Wolves are thriving in radioactive Chernobyl

The lack of humans has opened up an opportunity for wolves to thrive in Chernobyl.

Karen Saltos | Jul 09, 2018

The government in Chernobyl does not allow people to live in the exclusion zone. A nuclear reactor exploded there in 1986 and it remains one of the most disastrous nuclear power plant accidents in history.

The lack of humans has opened up an opportunity for some animals to thrive. Wolves have adapted amazingly well to this new human-less existence.

According to a study in the European Journal of Wildlife Research, the wolvesrepopulated the area quickly. They enjoy a healthy ecosystem, abundant prey and no people to shoot them.

The researchers conducted the study by fitting 14 gray wolves in the zone with GPS collars to track their movements. They found that the 13 adult wolves stayed close to home, but one pup traveled far away.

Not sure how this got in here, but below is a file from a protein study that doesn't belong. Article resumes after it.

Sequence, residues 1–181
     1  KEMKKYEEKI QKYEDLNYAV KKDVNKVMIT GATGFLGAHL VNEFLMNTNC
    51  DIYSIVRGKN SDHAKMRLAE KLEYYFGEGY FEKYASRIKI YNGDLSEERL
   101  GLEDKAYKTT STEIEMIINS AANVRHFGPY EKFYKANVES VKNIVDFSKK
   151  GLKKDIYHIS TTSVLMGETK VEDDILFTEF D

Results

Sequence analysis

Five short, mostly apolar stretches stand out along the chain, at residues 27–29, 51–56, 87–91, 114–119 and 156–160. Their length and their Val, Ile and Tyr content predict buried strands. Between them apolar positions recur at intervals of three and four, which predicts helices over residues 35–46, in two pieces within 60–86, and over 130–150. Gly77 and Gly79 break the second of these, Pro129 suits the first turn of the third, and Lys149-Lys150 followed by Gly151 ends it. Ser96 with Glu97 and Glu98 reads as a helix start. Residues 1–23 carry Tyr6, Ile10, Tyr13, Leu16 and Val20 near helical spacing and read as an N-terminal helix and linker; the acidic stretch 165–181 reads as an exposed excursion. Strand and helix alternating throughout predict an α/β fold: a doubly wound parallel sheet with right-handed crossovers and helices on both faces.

After the GPS collar on the pup malfunctioned, researchers were not able to track it to see if it returned to its place of origin. GPA tracking information could indicate that the zone is actually a refuge for wildlife.

In the past, environmental scientists have found that, for wildlife, the harmful effect of radioactivity pales in comparison to the positive effect of living without humans. A long time ago millions of wolves roamed North America. When colonists arrived, they feared and distrusted the wolves and other predators and launched eradication efforts on the animals.

Currently the United States protects wolves under the Endangered Species Act. Nevertheless, the United States agency Wildlife Services killed 357 wolves in 2017.